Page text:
(Editorial) So, Who's the Mexican President?
Updated: Jul 21
Author: Constantine Hatzis
Chief Editor: Bincheng Stéphane Mao
Recently Amy Klobuchar, former candidate in the DNC primaries, could not successfully name the Mexican president, even though she is a U.S. senator in charge of the committee overseeing trades with Mexico and was running to be our president; furthermore, neither could former candidate billionaire Tom Steyer name the Mexican president. Additionally, Senator Amy Klobuchar was given a second opportunity to name the Mexican president, in hopes of redeeming herself. Unfortunately, she mispronounced his first name as “Andre” instead of “Andres”, though the applauding crowd hardly cared.
Now some Americans may still not know who the president of Mexico is. He is Andrés Manuel López Obrador, which is pronounced as [anˌdɾes maˈnwel ˈlopes oβɾaˈðoɾ], and has been serving his nation since 2018.
He was born in Tepetitan, which is in the south-eastern state of Tabasco. In 1986 Obrador graduated from the National Autonomous University of Mexico (Universidad Nacional Autónoma de México, UNAM) in which he received his bachelors in political science. Beginning his political career in 1976 as a member of the Institutional Revolutionary Party (PRI) in Tabasco, in which he became the state party president in 1983. He left the party in 1988 and joined the Party of the Democratic Revolution (PRD) and was the party's 1994 candidate for Governor of Tabasco. Later on, he was the national leader of the PRD between 1996 and 1999. In 2000, he was elected Head of Government of Mexico City, a position he held until 2005, when he quit so he can try to become PRD’s presidential nomination.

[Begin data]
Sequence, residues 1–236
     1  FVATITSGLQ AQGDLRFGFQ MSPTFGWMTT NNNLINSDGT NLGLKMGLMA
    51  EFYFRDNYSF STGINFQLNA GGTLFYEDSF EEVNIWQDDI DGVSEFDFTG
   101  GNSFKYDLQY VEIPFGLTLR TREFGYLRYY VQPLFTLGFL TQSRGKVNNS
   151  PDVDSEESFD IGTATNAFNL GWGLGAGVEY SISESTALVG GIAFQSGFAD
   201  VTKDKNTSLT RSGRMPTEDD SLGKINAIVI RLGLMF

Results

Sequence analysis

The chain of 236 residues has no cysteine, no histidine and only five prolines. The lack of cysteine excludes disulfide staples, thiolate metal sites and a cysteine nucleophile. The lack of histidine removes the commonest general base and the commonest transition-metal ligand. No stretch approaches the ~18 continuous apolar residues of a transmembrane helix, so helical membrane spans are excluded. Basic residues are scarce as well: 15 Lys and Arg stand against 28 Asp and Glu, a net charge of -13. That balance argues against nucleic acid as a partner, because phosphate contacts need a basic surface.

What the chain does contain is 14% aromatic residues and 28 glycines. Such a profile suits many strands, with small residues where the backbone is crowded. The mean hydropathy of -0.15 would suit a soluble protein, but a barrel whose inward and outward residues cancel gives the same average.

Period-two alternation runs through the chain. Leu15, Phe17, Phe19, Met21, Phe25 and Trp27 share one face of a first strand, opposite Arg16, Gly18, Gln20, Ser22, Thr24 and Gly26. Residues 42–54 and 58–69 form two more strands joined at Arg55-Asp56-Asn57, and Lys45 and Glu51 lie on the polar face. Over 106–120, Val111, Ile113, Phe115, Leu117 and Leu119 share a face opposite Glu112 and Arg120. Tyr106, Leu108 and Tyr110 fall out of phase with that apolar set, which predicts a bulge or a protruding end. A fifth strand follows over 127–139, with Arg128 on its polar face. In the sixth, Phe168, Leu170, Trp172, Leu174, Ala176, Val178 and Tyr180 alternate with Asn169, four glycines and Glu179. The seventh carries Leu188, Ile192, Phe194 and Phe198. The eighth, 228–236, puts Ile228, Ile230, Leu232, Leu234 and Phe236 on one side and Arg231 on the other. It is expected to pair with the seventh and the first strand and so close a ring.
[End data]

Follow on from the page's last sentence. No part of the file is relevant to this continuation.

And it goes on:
Running under populist and nationalist policies, Obradors was well received during his time as head of Mexico City’s government. In 2012 López Obrador ran again as the PRD’s candidate for the presidency. This time, finished second to the PRI’s Enrique Peña Nieto. Soon afterwards, left the PRD and in 2014 he founded the National Regeneration Movement (MORENA), which he led until 2017. The third time proved to be the charm for Lopez Obrador, as he was a candidate for the third time in the 2018 presidential election. This time, he won in a landslide victory, taking 53 percent of the vote. His election marked the first time in nearly 90 years that the Mexican president had not been elected from either the PRI or the PAN, meaning that candidate won that was not from the two main parties. He ran on the policies of increases in financial aid for 11 million students, doubling the pension for the elderly, trying to close country’s wealth gap, an amnesty for non violent drug criminals, construction of 100 universities and universal access to public colleges, ending the war on drugs and the legalization of some drugs like marijuana, as well as decentralizing the executive cabinet, and negotiating the NAFTA trade deal. He will be president until 2024 as the term for each president is 6 years.